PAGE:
Estimated Value $2,300 - 2,500.
Ex Richard Collection; The Coltrin Family Collection.

View details and enlarged photos
Check results on similar lots
Realized
$1,610
Lot 2499
1889 Indian Head Cent. PCGS graded MS-65 Red. Lovely Mint Red color. Includes Eagle Eye Photo Seal. Full frosty luster; many average collectors who haven't specialized in Indian Cents fail to realize how scarce the dates in the 1880s truly are in Gem full red condition. The PCGS population census reveals the truth: Pop 34; 7 finer in 66 (PCGS # 2174) .
Estimated Value $2,400 - 2,500.
Ex Richard Collection; The Coltrin Family Collection.

View details and enlarged photos
Check results on similar lots
Realized
$1,668
Lot 2500
1890 Indian Head Cent. PCGS graded MS-65 Red. Uniform light Mint Red color. Snappy mint luster throughout, a spot-free jewel. Pop 45; 8 finer in 66 (PCGS # 2177) .
Estimated Value $1,300 - 1,400.
Ex Ally Collection; The Coltrin Family Collection.

View details and enlarged photos
Check results on similar lots
Unsold
Lot 2501
1891 Indian Head Cent. PCGS graded MS-65 Red. Well struck with rich sunset-red mint colors. Pop 67; 8 finer in 66 (PCGS # 2180) .
Estimated Value $900 - 1,000.
The Coltrin Family Collection.

View details and enlarged photos
Check results on similar lots
Realized
$834
Lot 2502
1892 Indian Head Cent. PCGS graded MS-65 Red PQ CAC Approved. Pleasing Mint Red colors. Scarcer issue having full red color. Pop 51; 12 finer with 1 in 65+, 10 in 66, 1 in 67 (PCGS # 2183) .
Estimated Value $1,200 - 1,300.
The Coltrin Family Collection.

View details and enlarged photos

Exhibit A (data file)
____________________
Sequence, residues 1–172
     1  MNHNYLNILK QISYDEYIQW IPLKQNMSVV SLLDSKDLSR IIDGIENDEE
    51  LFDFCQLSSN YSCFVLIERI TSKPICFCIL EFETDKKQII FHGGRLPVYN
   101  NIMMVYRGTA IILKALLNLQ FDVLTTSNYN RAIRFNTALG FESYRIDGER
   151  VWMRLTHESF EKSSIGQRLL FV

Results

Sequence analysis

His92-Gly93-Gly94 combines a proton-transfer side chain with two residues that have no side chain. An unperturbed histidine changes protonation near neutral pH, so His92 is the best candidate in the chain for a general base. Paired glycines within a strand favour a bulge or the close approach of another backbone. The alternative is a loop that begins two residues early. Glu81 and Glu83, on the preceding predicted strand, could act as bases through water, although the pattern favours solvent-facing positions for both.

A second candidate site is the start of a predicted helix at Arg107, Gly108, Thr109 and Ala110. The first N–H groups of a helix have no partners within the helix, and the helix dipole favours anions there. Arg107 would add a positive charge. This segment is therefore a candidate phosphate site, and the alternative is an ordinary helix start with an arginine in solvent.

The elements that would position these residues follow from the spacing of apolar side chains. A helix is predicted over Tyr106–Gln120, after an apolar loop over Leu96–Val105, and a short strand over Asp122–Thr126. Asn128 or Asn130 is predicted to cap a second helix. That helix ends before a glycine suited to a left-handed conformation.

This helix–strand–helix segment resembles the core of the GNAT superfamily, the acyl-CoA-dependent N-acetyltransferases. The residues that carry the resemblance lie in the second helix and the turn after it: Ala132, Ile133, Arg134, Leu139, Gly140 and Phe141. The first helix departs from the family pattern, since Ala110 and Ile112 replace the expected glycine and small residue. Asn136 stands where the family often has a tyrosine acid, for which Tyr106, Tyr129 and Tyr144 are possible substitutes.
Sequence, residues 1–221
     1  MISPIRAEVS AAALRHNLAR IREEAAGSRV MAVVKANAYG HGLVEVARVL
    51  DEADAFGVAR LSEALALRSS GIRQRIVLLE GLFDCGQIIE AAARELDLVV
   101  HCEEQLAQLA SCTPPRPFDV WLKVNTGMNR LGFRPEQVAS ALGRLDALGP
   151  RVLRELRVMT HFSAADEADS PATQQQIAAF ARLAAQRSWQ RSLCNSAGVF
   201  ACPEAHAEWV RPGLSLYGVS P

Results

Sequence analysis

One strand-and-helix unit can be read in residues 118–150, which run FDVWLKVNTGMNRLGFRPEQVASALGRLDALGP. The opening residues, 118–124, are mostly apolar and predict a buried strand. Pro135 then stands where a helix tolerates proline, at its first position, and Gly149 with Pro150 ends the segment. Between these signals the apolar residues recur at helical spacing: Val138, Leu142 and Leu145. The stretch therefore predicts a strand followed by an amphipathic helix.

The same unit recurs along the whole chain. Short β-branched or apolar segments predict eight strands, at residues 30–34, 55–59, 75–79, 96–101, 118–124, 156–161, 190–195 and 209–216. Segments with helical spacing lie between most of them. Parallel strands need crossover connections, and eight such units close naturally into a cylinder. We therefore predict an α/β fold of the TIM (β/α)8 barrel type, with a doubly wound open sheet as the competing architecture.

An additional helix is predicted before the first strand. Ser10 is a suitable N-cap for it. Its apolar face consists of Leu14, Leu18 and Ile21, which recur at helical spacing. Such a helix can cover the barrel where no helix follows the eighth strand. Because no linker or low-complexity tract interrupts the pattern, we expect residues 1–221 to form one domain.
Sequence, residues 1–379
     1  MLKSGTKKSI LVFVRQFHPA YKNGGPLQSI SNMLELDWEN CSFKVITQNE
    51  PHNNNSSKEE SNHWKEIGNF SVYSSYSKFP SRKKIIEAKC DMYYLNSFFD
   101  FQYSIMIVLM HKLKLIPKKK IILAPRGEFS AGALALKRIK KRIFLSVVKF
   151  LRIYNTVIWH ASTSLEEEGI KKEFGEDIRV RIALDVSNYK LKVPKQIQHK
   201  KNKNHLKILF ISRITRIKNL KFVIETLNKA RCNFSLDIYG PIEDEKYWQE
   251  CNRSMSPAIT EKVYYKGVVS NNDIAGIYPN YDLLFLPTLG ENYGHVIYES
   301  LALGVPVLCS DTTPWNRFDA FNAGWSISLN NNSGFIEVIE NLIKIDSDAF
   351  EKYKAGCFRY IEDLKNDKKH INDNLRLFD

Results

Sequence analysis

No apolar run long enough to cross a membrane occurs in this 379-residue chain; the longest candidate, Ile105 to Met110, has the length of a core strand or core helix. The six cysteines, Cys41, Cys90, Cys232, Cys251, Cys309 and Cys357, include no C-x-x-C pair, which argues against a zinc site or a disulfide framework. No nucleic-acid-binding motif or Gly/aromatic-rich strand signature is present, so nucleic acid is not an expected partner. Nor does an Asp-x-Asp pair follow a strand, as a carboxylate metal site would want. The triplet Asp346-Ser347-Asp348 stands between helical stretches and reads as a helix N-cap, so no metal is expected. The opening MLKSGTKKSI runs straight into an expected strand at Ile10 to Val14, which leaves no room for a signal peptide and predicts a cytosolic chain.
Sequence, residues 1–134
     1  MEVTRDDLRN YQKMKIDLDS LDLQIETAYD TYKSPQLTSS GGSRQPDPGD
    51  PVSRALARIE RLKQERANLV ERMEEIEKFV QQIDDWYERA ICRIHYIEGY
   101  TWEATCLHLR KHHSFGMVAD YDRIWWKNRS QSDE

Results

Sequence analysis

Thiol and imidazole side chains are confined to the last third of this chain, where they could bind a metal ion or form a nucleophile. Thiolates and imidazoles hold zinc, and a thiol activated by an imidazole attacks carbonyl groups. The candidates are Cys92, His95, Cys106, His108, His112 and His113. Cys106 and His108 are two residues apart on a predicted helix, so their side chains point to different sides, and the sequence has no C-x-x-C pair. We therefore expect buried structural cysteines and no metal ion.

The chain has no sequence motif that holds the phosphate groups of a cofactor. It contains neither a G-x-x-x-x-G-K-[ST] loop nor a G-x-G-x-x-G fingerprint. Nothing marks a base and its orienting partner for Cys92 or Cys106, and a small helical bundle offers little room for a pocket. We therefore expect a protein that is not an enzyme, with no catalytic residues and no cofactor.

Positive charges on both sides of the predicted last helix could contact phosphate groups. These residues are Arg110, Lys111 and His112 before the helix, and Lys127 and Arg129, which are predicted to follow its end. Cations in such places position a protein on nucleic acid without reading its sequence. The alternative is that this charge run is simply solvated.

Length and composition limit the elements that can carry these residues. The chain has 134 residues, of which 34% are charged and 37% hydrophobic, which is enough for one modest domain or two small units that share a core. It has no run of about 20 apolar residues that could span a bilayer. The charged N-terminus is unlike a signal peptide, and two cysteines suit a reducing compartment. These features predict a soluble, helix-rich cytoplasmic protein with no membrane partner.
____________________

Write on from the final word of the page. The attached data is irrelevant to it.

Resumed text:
Check results on similar lots
Realized
$1,265
Lot 2503
1893 Indian Head Cent. PCGS graded MS-65 Red PQ CAC Approved. Uniform Mint Red color and quite choice. Pop 80; with 24 finer, 23 in 66, 1 in 67 (PCGS # 2186) .
Estimated Value $750 - 800.
The Coltrin Family Collection.

View details and enlarged photos
Check results on similar lots
Realized
$920
Lot 2504
1894 Indian Head Cent. PCGS graded MS-65 Red PQ CAC Approved. A uniform light Mint Red gem example. Includes Eagle Eye Photo Seal. Pop 75; 26 finer with 1 in 65+, 23 in 66 and 2 in 66+ (PCGS # 2189) .
Estimated Value $1,300 - 1,400.
The Coltrin Family Collection.

View details and enlarged photos
Check results on similar lots
Realized
$834
Lot 2505
1895 Indian Head Cent. PCGS graded MS-65 Red. Rich fiery Mint Red colors. Includes Eagle Eye Photo Seal. Pop 35; 4 finer with 1 in 65+ and 3 in 66 (PCGS # 2192) .
Estimated Value $650 - 700.
The Coltrin Family Collection.

View details and enlarged photos
Check results on similar lots
Realized
$633
Lot 2506
1896 Indian Head Cent. PCGS graded MS-65 Red PQ CAC Approved. A beautiful Mint Red example and a Premium Quality coin for the grade. Pop 49; 12 finer with 10 in 66, 2 in 67 (PCGS # 2195) .
Estimated Value $850 - 900.
The Coltrin Family Collection.

View details and enlarged photos
Check results on similar lots
Realized
$2,070
Lot 2507
1897 Indian Head Cent. PCGS graded MS-65 Red. About 50% Mint Red colors. Pop 54; 16 finer with 14 in 66, 1 in 66+, 1 in 67 (PCGS # 2198) .
Estimated Value $700 - 750.
The Coltrin Family Collection.

View details and enlarged photos
Check results on similar lots
Realized
$719
Lot 2508
1898 Indian Head Cent. PCGS graded MS-65 Red PQ. Intense Mint Red colors. Pop 107; 63 finer with 53 in 66, 2 in 66+, 8 in 67 (PCGS # 2201) .
Estimated Value $550 - 600.
The Coltrin Family Collection.

View details and enlarged photos
Check results on similar lots
Realized
$575
Lot 2509
1899 Indian Head Cent. PCGS graded MS-65 Red. A lovely frosty Mint Red gem example. Pop 231; 99 finer with 85 in 66, 8 in 67, 2 in 67+, 2 in 68 (PCGS # 2204) .
Estimated Value $500 - 550.
The Coltrin Family Collection.

View details and enlarged photos
Check results on similar lots
Realized
$552



Page 1 of 2
Previous Previous   1 | 2   Next Next
Go to page




Home | Current Sale | Calendar of Events | Bidding | Consign | About Us | Contact | Archives | Log In

US Coins & Currency | World & Ancient Coins | Manuscripts & Collectibles | Bonded CA Auctioneers No. 3S9543300
11400 W. Olympic Blvd, Suite 800, Los Angeles CA 90064 | 310. 551.2646 ph | 310.551.2626 fx | 800.978.2646 toll free

© 2011 Ira & Larry Goldberg Coins & Collectibles, All Rights Reserved
info@goldbergcoins.com